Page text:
I don't think any agency would have thrown Jantzen out on their heels as Don Draper did last night, but this is television. And I can't wait to see more!

Wednesday, July 21, 2010

A Walk Down Yesterday- Vintage Bathing Suit Parade at Jazz Age Lawn Party

A fabulous video featuring many vintage swimwear styles from the 1920s to the 1980s. I wanna be there! And I love it when the kids are included! PS - the video kept buffering for me, but its worth the wait.

Monday, July 19, 2010

Watumull's Vintage Hawaiian Aloha Shirts

1940s Watumulls label


Watumull's has been around since 1914, specializing in Hawaiian clothing. Watumull Jhamandas Mirchandani was a businessman selling imported goods from the orient in 1914. Born in India, he made his fortune in Hawaii as a merchant and real estate agent. In 1942, he published the Watumull Foundation to help increase India's national efficiency and promote cultural exchanges between India and the United States.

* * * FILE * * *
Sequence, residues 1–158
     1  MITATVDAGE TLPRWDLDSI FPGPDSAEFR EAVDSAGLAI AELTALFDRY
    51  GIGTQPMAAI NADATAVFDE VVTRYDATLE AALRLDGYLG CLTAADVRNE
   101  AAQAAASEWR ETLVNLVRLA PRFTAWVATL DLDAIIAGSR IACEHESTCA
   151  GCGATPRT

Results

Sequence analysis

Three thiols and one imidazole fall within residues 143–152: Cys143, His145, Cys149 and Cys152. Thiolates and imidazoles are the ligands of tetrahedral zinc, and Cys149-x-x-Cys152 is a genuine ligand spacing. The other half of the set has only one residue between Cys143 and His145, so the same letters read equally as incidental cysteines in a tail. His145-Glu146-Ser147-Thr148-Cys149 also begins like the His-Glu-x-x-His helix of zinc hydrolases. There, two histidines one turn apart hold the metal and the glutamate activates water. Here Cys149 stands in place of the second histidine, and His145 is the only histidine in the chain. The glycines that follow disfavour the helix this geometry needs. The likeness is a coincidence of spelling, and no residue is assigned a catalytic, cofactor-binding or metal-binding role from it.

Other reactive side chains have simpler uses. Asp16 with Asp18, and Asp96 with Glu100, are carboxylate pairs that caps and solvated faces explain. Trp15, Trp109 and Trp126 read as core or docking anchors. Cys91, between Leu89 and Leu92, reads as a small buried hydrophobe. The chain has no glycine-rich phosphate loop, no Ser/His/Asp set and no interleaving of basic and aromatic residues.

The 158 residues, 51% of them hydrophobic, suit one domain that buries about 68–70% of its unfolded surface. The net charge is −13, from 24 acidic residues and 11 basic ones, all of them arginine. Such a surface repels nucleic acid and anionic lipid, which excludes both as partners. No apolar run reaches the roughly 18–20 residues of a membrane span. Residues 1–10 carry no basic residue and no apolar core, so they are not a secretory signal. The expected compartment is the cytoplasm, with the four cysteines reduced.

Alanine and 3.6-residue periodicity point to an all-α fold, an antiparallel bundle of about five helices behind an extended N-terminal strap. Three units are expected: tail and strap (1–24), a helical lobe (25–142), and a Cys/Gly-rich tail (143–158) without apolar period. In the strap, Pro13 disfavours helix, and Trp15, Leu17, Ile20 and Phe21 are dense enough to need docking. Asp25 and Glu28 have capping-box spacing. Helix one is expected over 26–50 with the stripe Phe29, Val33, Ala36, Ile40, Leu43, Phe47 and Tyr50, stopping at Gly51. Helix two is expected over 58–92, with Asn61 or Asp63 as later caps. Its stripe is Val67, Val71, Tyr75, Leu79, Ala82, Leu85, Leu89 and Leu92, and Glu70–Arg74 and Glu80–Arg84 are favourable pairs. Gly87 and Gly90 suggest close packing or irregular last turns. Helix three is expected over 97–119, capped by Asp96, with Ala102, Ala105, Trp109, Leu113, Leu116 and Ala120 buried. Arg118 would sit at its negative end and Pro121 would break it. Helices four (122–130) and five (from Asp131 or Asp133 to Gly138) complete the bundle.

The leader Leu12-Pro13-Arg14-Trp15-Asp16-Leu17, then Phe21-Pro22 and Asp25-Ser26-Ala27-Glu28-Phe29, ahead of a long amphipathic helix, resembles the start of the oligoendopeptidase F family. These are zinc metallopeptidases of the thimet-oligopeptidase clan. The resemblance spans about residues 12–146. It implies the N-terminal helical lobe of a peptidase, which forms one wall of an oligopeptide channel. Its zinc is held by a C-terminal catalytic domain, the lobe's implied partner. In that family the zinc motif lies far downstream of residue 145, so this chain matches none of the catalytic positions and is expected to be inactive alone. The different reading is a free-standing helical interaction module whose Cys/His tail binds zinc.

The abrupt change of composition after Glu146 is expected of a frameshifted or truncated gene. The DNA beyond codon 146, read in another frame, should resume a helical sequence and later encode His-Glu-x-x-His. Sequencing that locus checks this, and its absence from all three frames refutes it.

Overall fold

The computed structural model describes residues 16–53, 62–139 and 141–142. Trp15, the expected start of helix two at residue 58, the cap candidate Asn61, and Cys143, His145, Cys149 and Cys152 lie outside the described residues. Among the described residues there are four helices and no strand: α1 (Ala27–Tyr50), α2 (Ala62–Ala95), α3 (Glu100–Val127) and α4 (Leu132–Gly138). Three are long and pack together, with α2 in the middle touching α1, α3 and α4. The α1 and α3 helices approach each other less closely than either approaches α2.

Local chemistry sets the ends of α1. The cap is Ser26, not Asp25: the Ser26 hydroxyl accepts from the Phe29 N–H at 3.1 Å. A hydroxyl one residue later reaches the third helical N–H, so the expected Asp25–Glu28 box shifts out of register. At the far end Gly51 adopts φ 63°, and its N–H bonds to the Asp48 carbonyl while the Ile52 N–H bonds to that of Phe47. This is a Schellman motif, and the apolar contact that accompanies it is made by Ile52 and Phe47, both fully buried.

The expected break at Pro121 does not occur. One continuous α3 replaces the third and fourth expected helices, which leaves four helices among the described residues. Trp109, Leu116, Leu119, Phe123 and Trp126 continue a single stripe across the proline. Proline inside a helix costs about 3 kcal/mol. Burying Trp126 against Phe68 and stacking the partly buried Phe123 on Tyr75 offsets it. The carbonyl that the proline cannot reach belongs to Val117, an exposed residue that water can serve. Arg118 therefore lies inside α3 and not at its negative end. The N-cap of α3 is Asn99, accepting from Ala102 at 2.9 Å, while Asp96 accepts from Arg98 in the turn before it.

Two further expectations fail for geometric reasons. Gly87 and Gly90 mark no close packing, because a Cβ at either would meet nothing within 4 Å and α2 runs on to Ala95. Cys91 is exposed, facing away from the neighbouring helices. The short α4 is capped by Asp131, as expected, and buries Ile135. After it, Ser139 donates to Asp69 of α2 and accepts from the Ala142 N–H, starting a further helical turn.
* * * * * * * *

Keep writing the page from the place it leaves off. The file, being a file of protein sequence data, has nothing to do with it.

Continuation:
He was one of the first Indians to arrive in Hawaii. His business center was initially in Manila. The Philippines had recently obtained independence from Spanish rule and the political scene in Manila was in turmoil. With the advent of the First World War, when the US military moved its operation from Philippines to Hawaii, Jhamandas – with his keen foresight for business – decided to move his operation to Honolulu as well. His brother, Govindaram joined him in establishing the “Watumull Brothers” company. Their children adopted “Watumull” as their family name. His legacy is carried forward today by his son Gulab and daughter-in-law Indru. Gulab arrived in Hawaii in 1949.